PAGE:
Moved out from Moradabad jail where his mother is on death row
On December 14, Taj walked out of Moradabad jail, clutching a packet of laddoos in one hand and holding “papa” Usman Saifi with the other. It was a day after his seventh birthday and he had spent it with his mother Shabnam. He had cut a cake, eaten samosas and spent time “alone” with his mother, who is on death row with his father Saleem.
Shabnam and Saleem were convicted of killing seven members of her family, on April 14, 2008, at Bawankhedi village in Amroha. Shabnam gave birth to Taj in jail, in December that year.
Earlier this year, the Amroha Child Welfare Committee put out advertisements for foster parents for the boy since jail manual doesn’t allow women inmates to keep children above six with them. Usman, 30, a Bulandshahr-based journalist who was Shabnam’s junior in college, turned up, offering to look after him. On July 30 this year, Taj walked out of Moradabad jail with foster parents Usman and his wife Suhina.
“Shabnam always sends something for Taj. The last time we went, on his birthday, it was those laddoos. I don’t know where she managed to get that from. Duniya chahe kisi bhi nazariye se unhe dekhe, woh toh uski maa hain na (Whatever the world thinks of her, she is, after all, his mother),” says Saifi on the phone, on his way to Ajmer for a family holiday with Suhina and Taj.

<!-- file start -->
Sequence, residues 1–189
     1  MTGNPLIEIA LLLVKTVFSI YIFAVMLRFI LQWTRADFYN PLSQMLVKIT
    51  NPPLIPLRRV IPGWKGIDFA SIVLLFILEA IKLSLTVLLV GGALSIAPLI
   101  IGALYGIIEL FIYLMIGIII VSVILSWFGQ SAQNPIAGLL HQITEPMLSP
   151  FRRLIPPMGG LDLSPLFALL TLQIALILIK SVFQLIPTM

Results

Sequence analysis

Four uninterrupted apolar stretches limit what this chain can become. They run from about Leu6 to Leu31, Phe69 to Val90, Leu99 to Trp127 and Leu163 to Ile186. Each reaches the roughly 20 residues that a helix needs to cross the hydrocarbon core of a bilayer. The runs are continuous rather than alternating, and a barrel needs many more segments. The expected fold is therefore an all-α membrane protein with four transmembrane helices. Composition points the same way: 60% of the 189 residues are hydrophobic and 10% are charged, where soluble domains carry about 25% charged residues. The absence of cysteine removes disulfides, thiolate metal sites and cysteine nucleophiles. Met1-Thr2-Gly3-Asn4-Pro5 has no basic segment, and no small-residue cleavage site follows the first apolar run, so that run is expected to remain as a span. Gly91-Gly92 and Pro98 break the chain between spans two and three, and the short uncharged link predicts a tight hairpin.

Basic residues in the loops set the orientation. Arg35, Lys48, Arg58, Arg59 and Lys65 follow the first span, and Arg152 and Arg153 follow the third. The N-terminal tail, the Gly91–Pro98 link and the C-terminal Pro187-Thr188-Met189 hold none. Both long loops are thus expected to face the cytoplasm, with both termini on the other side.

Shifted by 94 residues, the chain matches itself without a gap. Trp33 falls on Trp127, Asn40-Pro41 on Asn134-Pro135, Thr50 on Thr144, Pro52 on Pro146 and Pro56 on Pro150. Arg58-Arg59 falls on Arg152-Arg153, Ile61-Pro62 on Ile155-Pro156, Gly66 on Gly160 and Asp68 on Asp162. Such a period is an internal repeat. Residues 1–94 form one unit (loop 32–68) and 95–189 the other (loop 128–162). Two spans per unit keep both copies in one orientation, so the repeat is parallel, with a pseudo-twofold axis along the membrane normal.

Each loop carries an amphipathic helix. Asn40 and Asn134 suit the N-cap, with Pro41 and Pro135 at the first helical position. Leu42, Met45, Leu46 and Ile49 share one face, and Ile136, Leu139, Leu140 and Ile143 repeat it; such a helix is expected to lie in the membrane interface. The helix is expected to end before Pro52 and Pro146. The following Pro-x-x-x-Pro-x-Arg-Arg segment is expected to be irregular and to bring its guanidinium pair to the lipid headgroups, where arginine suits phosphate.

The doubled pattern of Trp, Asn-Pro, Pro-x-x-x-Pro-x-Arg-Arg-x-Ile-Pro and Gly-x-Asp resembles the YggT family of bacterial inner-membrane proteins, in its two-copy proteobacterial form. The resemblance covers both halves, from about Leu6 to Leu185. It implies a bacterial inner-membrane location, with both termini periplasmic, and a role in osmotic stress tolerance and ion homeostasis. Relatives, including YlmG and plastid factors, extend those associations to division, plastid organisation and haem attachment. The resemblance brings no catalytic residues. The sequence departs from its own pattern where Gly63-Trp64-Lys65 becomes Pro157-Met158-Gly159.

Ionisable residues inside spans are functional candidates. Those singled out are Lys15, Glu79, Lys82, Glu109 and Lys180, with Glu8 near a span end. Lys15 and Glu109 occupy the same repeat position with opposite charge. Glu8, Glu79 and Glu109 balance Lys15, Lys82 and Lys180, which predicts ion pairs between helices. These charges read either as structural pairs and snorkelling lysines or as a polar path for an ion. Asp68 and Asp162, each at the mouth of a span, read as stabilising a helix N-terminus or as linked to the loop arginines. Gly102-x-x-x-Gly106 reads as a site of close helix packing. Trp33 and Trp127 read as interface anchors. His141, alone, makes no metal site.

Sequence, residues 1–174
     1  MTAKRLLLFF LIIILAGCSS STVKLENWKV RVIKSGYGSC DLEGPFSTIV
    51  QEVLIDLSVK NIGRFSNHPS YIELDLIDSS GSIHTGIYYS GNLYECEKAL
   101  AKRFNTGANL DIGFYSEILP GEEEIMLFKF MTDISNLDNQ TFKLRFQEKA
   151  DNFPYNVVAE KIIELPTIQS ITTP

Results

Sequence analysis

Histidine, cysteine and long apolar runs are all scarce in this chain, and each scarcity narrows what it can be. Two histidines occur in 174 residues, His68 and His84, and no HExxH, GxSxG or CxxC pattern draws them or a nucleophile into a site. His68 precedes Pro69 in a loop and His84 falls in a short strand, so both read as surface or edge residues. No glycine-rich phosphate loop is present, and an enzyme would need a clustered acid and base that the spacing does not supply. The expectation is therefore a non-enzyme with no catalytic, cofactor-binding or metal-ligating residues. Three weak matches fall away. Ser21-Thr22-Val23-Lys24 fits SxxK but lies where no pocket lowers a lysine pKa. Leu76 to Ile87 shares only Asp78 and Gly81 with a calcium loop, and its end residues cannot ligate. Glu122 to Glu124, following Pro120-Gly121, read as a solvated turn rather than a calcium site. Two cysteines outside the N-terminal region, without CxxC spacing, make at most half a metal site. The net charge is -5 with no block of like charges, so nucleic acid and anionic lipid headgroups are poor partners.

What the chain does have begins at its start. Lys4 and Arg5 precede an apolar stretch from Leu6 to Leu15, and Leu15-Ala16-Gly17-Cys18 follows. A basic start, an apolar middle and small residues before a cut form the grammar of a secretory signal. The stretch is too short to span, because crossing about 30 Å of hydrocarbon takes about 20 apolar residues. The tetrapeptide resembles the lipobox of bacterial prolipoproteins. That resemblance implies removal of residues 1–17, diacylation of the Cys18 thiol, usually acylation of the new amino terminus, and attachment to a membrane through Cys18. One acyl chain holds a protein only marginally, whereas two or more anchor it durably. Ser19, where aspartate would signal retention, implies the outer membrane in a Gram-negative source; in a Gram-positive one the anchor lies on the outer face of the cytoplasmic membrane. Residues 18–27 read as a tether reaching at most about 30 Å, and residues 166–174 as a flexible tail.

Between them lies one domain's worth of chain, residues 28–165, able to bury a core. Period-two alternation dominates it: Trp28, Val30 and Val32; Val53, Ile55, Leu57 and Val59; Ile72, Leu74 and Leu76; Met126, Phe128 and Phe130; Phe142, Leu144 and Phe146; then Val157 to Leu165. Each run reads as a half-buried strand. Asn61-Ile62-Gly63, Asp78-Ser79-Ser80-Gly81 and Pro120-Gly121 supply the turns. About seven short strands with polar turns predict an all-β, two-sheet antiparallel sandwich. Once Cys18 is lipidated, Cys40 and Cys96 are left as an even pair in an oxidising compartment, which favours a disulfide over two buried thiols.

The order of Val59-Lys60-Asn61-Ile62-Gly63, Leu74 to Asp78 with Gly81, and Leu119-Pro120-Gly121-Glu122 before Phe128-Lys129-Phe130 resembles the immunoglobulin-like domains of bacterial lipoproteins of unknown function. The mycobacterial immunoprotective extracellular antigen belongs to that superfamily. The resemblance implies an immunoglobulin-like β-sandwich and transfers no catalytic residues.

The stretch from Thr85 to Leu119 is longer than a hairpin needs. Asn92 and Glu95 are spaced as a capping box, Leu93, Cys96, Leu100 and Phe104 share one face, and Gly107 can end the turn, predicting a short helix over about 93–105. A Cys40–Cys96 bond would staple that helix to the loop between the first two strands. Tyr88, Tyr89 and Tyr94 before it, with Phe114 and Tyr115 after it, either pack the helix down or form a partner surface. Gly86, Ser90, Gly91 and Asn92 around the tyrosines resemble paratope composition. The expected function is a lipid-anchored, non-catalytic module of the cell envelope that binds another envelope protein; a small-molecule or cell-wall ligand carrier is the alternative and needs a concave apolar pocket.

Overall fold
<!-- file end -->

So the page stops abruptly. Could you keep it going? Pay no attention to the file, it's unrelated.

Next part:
But Taj, he says, is moving on. He doesn’t ask for his mother, is in nursery in a school in Bulandshahr, and is proud of his newest possession, a cycle. Taj pipes in, “What are my favourite things? Mmm… bataoon (should I tell)? Rasgulla aur meri cycle.”
“We played a cruel prank on him the other day,” Saifi says. “I said, we are sending you back to your mother. He started howling, saying, ‘Papa, don’t send me back’. He is not going back for sure.”
Saifi also wants to shield him from all reminders of his past. “But since you ask, here is what he came with when he came to us”:
A cloth bag
“It was a dirty jhola stuffed with Taj’s clothes and toys. Shabnam probably got them from jail authorities. Taj was a favourite among them. He was particularly close to a constable called Savita Yadav. She keeps calling him. Taj would mention her initially, not anymore. After all, he is a child, he will forget. I don’t encourage him to talk about jail either. I was worried he would go to school and talk about jail — jail mein yeh hota tha… warden yeh kehti thi. So I told him to talk of jail as ‘gaon (village)’.”
A friendship band
“It was a thick, black band, the kind gunde-mavali (ruffians) wear. I hated it. But he wouldn’t hear of removing it. I got him all kinds of bracelets and bands… One night, when he was sleeping, I took it off. He asked for it in the morning and for the next couple of days. And then, he forgot about it.”
“I haven’t seen more worn-out hawai chappals. He was wearing those when he walked out of jail that first time. It may have been his favourite or his only pair. Once we got home, I made sure he never wore it again.”
“He came to us in a white shirt and yellow pants. His mother had packed his bag with at least 20 sets of clothes. He has outgrown almost all those clothes.”
“He had quite a few toys in his bag. But he was particularly fond of one, an elephant on a scooter. This scooter has a thread that you pull to set it racing. When he came, he would line up all his toys on the bed and sleep with them. Not any more. But he still has that toy… Looks like this one will stay for a while.”